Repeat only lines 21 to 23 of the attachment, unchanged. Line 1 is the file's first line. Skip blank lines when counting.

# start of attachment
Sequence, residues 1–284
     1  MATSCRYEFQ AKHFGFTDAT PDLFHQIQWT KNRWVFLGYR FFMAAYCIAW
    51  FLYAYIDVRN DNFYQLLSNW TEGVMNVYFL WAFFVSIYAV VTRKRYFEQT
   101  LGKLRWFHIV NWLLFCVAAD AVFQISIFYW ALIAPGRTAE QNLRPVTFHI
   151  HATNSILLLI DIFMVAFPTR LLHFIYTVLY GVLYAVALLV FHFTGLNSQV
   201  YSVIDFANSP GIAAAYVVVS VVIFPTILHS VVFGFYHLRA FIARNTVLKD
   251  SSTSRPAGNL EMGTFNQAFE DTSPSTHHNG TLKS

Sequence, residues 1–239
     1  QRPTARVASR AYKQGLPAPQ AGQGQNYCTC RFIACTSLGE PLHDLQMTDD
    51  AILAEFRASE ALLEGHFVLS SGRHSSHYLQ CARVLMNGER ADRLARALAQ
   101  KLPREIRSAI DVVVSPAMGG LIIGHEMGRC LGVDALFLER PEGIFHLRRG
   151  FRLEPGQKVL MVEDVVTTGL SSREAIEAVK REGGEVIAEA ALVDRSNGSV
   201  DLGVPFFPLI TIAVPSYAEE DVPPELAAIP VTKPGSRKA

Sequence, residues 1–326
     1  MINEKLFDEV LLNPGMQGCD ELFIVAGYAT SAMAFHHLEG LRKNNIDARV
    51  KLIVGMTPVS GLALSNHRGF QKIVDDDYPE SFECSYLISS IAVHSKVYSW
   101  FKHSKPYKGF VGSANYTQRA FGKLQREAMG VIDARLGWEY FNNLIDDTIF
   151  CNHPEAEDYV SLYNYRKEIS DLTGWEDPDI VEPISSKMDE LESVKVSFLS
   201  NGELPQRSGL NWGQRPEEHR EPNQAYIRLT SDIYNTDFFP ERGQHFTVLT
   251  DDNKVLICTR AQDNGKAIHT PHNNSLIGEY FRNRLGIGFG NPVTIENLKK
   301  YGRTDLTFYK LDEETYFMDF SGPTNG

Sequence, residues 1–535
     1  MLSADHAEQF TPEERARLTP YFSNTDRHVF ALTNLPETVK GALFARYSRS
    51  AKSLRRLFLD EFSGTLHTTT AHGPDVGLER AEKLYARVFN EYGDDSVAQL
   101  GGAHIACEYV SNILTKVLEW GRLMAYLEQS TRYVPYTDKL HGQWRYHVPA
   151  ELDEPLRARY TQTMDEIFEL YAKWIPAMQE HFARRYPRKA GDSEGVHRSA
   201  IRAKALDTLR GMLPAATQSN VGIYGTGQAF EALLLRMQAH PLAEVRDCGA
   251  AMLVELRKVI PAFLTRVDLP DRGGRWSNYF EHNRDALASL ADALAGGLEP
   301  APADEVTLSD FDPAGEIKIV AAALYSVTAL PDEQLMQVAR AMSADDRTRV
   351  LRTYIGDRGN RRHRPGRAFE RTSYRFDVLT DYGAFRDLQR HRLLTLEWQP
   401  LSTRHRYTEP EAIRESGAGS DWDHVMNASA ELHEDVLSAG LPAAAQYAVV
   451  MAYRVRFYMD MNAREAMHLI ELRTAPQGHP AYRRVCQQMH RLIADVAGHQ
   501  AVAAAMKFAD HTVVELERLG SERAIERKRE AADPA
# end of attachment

   301  YGRTDLTFYK LDEETYFMDF SGPTNG

Sequence, residues 1–535
     1  MLSADHAEQF TPEERARLTP YFSNTDRHVF ALTNLPETVK GALFARYSRS